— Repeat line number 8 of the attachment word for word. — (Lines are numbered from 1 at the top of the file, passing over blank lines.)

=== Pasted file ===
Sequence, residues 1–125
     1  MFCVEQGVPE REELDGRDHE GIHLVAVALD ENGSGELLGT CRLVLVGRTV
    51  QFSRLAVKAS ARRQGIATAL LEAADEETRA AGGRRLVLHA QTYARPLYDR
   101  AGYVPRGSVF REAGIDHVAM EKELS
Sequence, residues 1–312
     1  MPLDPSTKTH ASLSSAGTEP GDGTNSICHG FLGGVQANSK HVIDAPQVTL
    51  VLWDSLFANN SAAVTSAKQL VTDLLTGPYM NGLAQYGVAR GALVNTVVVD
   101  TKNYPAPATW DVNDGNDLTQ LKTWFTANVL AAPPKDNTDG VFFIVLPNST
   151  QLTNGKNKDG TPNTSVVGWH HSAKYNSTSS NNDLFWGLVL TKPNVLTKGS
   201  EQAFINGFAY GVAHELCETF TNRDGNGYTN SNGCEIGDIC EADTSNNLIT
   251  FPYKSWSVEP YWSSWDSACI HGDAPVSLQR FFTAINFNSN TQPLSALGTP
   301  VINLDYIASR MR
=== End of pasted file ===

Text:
   101  TKNYPAPATW DVNDGNDLTQ LKTWFTANVL AAPPKDNTDG VFFIVLPNST